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RAPID RESPONSE

If we had acted just a month earlier, we could have halved the number of Ebola deaths

Reuters/Baz Ratner
It didn’t have to be this way.
  • Akshat Rathi
By Akshat Rathi

Senior reporter

Published Last updated This article is more than 2 years old.

If there is one thing we learned from the Ebola outbreak, it is that a quicker global response would have saved many lives. But, until now, we didn’t know how many. According to a new study, acting only a month earlier could have halved the number of Ebola cases.

Although the first cases of Ebola were detected in West Africa in December 2013, and the World Health Organization declared it an outbreak in March 2014, the international community waited until September 2014 to throw its full weight behind the effort. Between then and February 2015, nearly 1,500 treatment beds and 1,200 treatment units were added in the affected areas.

Adam Kucharski, an epidemiologist at the London School of Hygiene and Tropical Medicine, and his colleagues looked at data from this period to model how the interventions helped stop the spread of Ebola. Their analysis, published in the Proceedings of the National Academy of Sciences, suggests that without the extra help received, there would have been 57,000 more cases and, due to Ebola’s 70% fatality rate, 40,000 more deaths.

Coming up with these numbers wasn’t easy. There is little good data about outbreaks. It is not just that the number of cases is often underestimated, but we don’t know how much we underestimate them. Here, Kucharski and colleagues were fortunate: the spread of Ebola was mostly contained in Western Africa and record-keeping on the ground was better there than in other outbreaks.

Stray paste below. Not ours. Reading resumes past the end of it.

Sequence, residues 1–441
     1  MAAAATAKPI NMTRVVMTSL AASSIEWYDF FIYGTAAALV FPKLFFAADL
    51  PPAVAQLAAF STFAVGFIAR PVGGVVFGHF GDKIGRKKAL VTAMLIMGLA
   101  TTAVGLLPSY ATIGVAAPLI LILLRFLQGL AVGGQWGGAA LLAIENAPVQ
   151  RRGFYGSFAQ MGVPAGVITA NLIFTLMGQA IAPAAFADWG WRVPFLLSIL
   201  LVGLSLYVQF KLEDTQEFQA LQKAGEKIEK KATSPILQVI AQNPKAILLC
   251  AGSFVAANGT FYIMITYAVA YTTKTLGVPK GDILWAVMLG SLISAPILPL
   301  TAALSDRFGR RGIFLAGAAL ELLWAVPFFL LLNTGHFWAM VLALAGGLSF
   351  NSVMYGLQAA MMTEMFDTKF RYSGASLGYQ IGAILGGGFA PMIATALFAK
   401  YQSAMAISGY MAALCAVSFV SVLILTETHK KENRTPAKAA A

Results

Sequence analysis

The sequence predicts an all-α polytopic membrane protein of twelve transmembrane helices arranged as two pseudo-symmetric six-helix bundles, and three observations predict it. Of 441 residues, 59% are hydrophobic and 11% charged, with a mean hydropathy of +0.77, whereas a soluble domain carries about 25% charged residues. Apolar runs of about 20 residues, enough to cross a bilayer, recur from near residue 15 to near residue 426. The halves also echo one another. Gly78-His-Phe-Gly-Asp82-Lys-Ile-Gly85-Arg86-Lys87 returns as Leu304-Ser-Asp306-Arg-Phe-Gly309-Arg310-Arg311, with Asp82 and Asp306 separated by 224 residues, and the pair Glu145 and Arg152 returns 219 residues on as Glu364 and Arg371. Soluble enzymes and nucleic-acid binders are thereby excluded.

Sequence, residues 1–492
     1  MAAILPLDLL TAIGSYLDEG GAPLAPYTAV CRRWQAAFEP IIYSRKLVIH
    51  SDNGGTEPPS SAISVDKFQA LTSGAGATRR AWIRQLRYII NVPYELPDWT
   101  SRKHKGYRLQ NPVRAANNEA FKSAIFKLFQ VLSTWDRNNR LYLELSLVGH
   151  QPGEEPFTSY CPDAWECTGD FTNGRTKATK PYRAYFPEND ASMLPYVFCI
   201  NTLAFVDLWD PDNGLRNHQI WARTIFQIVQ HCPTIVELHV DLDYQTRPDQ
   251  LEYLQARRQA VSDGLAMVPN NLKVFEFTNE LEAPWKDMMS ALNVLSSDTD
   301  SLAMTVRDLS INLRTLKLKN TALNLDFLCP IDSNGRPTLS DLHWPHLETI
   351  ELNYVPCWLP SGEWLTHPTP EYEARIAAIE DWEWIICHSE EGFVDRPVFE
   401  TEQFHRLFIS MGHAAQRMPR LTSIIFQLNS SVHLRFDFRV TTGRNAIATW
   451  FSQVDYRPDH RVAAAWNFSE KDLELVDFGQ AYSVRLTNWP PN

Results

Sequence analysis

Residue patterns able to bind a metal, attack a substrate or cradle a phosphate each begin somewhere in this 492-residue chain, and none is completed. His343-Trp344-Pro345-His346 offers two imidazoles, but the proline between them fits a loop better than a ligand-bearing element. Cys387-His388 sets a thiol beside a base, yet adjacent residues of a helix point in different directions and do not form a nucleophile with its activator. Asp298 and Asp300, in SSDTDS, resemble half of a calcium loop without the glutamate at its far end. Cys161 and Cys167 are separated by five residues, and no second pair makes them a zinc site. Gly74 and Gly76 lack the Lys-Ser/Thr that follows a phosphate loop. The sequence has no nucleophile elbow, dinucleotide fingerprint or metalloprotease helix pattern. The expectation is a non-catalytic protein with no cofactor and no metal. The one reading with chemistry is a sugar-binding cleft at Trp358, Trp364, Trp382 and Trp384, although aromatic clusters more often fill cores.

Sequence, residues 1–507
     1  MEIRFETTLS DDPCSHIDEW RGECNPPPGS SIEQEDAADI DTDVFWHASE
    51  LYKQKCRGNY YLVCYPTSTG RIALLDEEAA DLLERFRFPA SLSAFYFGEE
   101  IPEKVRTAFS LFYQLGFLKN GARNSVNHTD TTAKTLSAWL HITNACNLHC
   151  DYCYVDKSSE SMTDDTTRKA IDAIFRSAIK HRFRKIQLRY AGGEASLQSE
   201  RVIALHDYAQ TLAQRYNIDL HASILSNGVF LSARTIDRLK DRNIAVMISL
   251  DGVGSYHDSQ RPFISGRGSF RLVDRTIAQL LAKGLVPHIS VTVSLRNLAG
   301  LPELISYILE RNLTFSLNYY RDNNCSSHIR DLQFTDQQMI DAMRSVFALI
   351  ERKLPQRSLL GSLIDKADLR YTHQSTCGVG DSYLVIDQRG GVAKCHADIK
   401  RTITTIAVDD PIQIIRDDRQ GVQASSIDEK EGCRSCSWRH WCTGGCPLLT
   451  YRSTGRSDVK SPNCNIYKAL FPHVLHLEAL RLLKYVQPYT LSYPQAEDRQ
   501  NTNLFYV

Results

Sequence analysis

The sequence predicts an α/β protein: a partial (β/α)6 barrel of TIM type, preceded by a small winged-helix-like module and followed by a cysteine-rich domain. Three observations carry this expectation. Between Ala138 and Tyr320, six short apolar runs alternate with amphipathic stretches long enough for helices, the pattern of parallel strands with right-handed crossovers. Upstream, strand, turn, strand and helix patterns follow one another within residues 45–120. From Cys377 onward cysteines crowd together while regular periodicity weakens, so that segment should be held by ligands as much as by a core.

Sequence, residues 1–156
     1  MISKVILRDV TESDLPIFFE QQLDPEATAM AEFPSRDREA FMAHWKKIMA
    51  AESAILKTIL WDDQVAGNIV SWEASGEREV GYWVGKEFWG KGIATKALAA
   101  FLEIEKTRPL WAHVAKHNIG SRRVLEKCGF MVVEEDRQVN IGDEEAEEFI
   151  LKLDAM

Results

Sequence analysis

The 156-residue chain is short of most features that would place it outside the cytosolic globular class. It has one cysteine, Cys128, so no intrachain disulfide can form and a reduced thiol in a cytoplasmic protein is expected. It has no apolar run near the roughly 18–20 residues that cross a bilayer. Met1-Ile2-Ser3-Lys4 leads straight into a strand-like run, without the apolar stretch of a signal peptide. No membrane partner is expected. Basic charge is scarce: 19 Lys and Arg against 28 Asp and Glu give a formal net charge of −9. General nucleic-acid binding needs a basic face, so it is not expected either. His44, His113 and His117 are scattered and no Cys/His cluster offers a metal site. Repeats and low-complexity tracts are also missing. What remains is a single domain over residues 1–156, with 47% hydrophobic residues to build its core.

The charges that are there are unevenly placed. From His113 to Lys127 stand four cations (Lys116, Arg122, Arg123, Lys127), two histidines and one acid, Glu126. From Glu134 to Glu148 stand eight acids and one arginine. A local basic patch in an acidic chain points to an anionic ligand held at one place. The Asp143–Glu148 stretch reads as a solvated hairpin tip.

“Still, there were things we could not factor with as much accuracy as we would have liked,” Kucharski told Quartz. “For instance, interventions such as avoiding touching during burying rituals were not easy to measure.”

Estimating the actual number of lives saved, even if there is a large degree of uncertainty, is useful for policymakers. Being able to quantify the impact that every dollar spent can have on health outcomes should speed approvals for future aid. And that’s important because, as the research shows, if the same intervention began a month earlier, tens of thousands of lives could have been saved.

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